“What is the Risk of Riding of Avalanche Terrain” by Bruce Temper of Utah Avalanche Center

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words & graphs by Bruce Temper of the Utah Avalanche Center

Risk.  Our lives revolve around risk but it’s a concept most of us don’t understand well.  The human brain is good at many things such as pattern recognition and the nuances of social interaction but our brain is notoriously poor at statistics and probability.

People who are afraid to fly don’t mind driving although, on average, you would have to fly every day for 4,000 years for you to be killed on a commercial aviation flight.  Automobile fatalities are so common you hardly see them mentioned in the newspaper anymore (32,000 per year in the U.S.)

We’re afraid to let our kids ride the bus to school yet there are only 3 deaths per year on school busses and 600 per year from parents driving their kids to school.

We’re afraid of shark attacks yet your chance of being killed by lightning is 100 times greater, and being killed in an auto accident is 630 times more likely than being killed by lightning.

So what is the risk of recreating in avalanche terrain compared to other activities?  The list below is in units of a “millimort”, which is one death in a million.  I have converted all the numbers into millimorts per day so we can directly compare activities using consistent units.  A Millimort is a convenient unit because one millimort is the chance of dying per day for an average 20-year-old from all causes.

OK, you say, there’s a big difference in risk between an extreme skier out with their friend with a video camera and a snowshoer walking up the trail.  True enough.  And those same differences occur in each of the activities I’ve presented here.  But each number comes from published data and each is an average of all the risks in that activity.  For instance, the number for motorcycles includes both riding a sport bike in a city (an extremely risky activity) and going a few blocks to school on a moped.

At the bottom of the list is the risk of getting out of bed each day.  At the top of the list is the activity most mentioned as the riskiest of all activities, Himalayan mountaineering above 8,000 meters where one in 40 people will die.

Risk Chart
Here, I’ve presented the data both as a table and a chart. Notice that the chart displays the data in a logarithmic scale, meaning that each line on the horizontal axis is 10 times greater as you go right. The differences in risk between activities is is so great that it won’t fit on a linear scale, I need to change the scale to logarithmic to see it all in one chart.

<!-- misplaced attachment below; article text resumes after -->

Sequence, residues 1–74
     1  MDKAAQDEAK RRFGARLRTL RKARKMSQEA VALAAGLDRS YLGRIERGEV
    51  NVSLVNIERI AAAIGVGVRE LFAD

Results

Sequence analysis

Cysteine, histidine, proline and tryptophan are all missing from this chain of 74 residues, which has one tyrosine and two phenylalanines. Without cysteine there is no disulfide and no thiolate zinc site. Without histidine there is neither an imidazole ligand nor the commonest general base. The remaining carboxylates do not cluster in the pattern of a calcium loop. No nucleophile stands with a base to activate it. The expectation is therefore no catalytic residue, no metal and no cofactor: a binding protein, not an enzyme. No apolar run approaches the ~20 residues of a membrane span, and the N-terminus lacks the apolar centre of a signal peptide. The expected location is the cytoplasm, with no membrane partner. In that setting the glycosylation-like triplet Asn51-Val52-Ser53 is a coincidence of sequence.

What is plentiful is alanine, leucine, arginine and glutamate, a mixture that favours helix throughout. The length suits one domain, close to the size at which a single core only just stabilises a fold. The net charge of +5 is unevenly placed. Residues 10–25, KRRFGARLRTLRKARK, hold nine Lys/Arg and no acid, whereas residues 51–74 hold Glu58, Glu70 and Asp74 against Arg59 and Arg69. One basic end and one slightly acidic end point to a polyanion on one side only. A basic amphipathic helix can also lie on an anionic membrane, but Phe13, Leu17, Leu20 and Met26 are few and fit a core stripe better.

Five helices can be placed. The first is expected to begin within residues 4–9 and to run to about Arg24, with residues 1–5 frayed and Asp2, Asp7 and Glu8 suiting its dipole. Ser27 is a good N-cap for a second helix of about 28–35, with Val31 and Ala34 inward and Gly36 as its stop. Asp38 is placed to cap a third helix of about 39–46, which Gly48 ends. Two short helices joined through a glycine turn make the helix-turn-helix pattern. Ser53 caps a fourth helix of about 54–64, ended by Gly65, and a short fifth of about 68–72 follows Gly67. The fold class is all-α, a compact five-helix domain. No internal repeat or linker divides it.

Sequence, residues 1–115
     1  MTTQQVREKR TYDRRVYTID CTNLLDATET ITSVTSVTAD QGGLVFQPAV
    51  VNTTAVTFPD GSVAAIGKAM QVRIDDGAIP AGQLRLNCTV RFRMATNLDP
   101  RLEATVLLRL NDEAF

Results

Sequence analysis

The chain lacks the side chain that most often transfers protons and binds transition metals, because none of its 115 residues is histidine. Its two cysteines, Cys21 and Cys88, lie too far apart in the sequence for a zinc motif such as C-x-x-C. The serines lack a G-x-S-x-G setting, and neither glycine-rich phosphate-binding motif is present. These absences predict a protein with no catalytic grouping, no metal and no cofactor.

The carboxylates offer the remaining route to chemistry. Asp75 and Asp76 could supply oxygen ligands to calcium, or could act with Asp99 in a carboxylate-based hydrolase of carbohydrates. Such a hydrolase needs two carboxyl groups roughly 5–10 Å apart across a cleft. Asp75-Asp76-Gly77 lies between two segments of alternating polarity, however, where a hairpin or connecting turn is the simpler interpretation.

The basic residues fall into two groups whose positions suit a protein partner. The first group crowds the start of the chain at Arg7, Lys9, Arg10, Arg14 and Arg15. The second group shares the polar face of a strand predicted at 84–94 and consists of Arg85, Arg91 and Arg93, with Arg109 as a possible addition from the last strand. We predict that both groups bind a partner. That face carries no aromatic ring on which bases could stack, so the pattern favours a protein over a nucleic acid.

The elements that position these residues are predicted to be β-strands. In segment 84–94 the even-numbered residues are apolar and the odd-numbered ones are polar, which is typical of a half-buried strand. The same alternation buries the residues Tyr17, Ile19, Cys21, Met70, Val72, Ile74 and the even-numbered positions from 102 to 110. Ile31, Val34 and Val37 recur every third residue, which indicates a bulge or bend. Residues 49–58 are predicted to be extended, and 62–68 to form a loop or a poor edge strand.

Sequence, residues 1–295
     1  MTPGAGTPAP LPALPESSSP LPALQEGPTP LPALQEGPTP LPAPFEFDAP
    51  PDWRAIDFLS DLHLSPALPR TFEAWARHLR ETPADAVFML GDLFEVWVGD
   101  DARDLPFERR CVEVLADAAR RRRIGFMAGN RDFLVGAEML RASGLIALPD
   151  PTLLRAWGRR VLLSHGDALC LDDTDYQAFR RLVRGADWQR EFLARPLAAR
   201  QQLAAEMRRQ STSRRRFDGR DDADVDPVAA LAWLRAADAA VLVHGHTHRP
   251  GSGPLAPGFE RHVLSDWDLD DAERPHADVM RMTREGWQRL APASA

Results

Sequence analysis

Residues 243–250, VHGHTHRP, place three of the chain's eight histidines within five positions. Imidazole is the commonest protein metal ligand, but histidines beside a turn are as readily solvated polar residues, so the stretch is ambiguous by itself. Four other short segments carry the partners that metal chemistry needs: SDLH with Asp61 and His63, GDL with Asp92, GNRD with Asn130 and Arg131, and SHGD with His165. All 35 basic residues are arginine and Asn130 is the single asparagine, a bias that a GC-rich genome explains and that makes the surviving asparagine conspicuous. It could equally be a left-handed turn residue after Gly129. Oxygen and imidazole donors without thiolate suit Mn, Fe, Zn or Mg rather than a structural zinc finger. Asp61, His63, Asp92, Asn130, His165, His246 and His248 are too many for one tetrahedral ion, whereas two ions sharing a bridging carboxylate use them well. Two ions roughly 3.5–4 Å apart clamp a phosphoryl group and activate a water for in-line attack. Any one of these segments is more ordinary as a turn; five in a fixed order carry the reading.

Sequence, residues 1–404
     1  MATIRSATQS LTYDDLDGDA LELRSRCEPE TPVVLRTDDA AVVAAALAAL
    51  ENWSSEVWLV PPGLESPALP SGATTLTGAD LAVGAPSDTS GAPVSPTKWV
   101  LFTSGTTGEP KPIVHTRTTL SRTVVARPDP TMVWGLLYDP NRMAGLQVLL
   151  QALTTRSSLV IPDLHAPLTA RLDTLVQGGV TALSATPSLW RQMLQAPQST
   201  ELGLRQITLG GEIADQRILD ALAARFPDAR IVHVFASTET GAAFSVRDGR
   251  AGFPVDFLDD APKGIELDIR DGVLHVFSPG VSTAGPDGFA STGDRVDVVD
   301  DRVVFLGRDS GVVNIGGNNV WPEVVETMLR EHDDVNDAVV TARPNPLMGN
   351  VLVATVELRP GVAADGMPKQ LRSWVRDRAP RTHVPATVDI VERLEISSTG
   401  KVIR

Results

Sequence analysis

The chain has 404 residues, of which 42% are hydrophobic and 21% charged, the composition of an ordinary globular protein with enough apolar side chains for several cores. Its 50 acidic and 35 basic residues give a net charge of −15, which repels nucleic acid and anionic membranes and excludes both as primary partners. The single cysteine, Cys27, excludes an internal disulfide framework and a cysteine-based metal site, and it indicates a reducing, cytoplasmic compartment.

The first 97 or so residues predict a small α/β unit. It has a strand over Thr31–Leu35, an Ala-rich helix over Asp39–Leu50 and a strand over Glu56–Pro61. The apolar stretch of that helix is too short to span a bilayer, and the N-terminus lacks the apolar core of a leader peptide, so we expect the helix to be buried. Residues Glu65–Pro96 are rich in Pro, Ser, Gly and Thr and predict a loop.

Backcountry recreation is surprisingly safe but, as usual, it depends.  If you use all the risk reduction measures taught in avalanche classes and using modern rescue equipment, the risk is about the same as driving a car one hour to the trailhead (notice driving a car 8 hours is more dangerous than backcountry recreation).  This agrees with my experience although I often feel more at risk driving among Utah’s famously hyper aggressive drivers in monster vehicles than an ordinary day of backcountry touring.

People often wonder about the risk of randomly center punching a slope without using any risk reduction measures at various danger ratings.  These numbers come from Bruce Jamieson’s 2009 ISSW publication where he estimates the risk and compares it with similar estimates from Werner Munter from Switzerland.  You can watch a video of Jamieson’s presentation at http://vimeo.com/50900661.  You should also look at the rest of their fine video presentations at the University of Calgary Applied Snow and Avalanche Research.  http://www.ucalgary.ca/asarc/research/outreach 

Someone who randomly center punches 10 slopes per day in terrain rated as Moderate Danger is roughly the same risk as whitewater kayaking or skydiving (but still much less dangerous than riding a motorcycle). Center punching 10 slopes per day in terrain rated as Considerable Danger has roughly the same risk as base jumping, which is considered to be one of the world’s most dangerous sports and one with a notoriously short expected lifespan for regular participants.  Doing the same in terrain rated as High Danger is one of the most dangerous activities in the world besides climbing above 8,000 meters.

Bottom Line:
Recreating in avalanche terrain is surprisingly safe as long as it’s done using all the risk reduction measures taught in avalanche classes. It’s about the same risk as driving one hour to the trailhead.   But randomly center punching 10 avalanche paths per day without any risk reduction measures at Consderable or High Danger can be one of the most dangerous sports in the world.

Learn more:  Utah Avalanche Center

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